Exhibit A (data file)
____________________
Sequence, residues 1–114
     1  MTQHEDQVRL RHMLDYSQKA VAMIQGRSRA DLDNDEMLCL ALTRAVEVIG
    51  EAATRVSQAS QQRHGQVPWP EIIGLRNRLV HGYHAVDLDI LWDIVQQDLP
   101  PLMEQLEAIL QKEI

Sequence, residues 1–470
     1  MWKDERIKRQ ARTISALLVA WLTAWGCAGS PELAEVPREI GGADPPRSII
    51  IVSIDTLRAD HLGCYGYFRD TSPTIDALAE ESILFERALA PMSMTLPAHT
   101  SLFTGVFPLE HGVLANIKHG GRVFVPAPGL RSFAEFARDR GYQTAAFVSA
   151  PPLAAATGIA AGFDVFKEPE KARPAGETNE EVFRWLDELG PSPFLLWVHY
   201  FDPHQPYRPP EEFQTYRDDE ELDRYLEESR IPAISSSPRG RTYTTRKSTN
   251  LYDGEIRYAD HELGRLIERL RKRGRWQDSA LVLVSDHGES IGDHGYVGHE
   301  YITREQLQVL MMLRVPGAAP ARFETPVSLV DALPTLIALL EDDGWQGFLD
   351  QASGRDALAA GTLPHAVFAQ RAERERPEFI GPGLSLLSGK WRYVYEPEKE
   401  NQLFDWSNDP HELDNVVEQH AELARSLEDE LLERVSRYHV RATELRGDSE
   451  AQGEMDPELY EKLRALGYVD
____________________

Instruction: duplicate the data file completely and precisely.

Sequence, residues 1–114
     1  MTQHEDQVRL RHMLDYSQKA VAMIQGRSRA DLDNDEMLCL ALTRAVEVIG
    51  EAATRVSQAS QQRHGQVPWP EIIGLRNRLV HGYHAVDLDI LWDIVQQDLP
   101  PLMEQLEAIL QKEI

Sequence, residues 1–470
     1  MWKDERIKRQ ARTISALLVA WLTAWGCAGS PELAEVPREI GGADPPRSII
    51  IVSIDTLRAD HLGCYGYFRD TSPTIDALAE ESILFERALA PMSMTLPAHT
   101  SLFTGVFPLE HGVLANIKHG GRVFVPAPGL RSFAEFARDR GYQTAAFVSA
   151  PPLAAATGIA AGFDVFKEPE KARPAGETNE EVFRWLDELG PSPFLLWVHY
   201  FDPHQPYRPP EEFQTYRDDE ELDRYLEESR IPAISSSPRG RTYTTRKSTN
   251  LYDGEIRYAD HELGRLIERL RKRGRWQDSA LVLVSDHGES IGDHGYVGHE
   301  YITREQLQVL MMLRVPGAAP ARFETPVSLV DALPTLIALL EDDGWQGFLD
   351  QASGRDALAA GTLPHAVFAQ RAERERPEFI GPGLSLLSGK WRYVYEPEKE
   401  NQLFDWSNDP HELDNVVEQH AELARSLEDE LLERVSRYHV RATELRGDSE
   451  AQGEMDPELY EKLRALGYVD